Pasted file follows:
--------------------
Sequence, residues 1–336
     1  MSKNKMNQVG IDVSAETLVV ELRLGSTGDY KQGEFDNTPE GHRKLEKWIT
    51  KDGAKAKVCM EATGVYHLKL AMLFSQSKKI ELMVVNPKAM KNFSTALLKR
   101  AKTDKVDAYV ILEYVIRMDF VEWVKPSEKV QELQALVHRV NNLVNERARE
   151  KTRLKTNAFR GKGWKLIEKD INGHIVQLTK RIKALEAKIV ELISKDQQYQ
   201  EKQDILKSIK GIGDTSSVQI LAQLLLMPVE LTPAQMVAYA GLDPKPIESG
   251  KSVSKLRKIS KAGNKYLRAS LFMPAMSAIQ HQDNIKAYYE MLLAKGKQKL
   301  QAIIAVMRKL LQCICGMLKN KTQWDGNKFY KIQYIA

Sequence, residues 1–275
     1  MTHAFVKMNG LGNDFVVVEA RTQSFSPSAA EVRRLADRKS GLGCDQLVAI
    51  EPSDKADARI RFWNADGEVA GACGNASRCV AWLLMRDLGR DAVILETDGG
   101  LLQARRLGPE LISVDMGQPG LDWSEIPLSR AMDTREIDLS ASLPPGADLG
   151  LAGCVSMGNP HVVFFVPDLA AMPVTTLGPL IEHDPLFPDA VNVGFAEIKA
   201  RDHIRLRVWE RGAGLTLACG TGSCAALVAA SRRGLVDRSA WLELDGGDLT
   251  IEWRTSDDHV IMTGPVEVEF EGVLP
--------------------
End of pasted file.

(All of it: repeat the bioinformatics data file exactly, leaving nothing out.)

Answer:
Sequence, residues 1–336
     1  MSKNKMNQVG IDVSAETLVV ELRLGSTGDY KQGEFDNTPE GHRKLEKWIT
    51  KDGAKAKVCM EATGVYHLKL AMLFSQSKKI ELMVVNPKAM KNFSTALLKR
   101  AKTDKVDAYV ILEYVIRMDF VEWVKPSEKV QELQALVHRV NNLVNERARE
   151  KTRLKTNAFR GKGWKLIEKD INGHIVQLTK RIKALEAKIV ELISKDQQYQ
   201  EKQDILKSIK GIGDTSSVQI LAQLLLMPVE LTPAQMVAYA GLDPKPIESG
   251  KSVSKLRKIS KAGNKYLRAS LFMPAMSAIQ HQDNIKAYYE MLLAKGKQKL
   301  QAIIAVMRKL LQCICGMLKN KTQWDGNKFY KIQYIA

Sequence, residues 1–275
     1  MTHAFVKMNG LGNDFVVVEA RTQSFSPSAA EVRRLADRKS GLGCDQLVAI
    51  EPSDKADARI RFWNADGEVA GACGNASRCV AWLLMRDLGR DAVILETDGG
   101  LLQARRLGPE LISVDMGQPG LDWSEIPLSR AMDTREIDLS ASLPPGADLG
   151  LAGCVSMGNP HVVFFVPDLA AMPVTTLGPL IEHDPLFPDA VNVGFAEIKA
   201  RDHIRLRVWE RGAGLTLACG TGSCAALVAA SRRGLVDRSA WLELDGGDLT
   251  IEWRTSDDHV IMTGPVEVEF EGVLP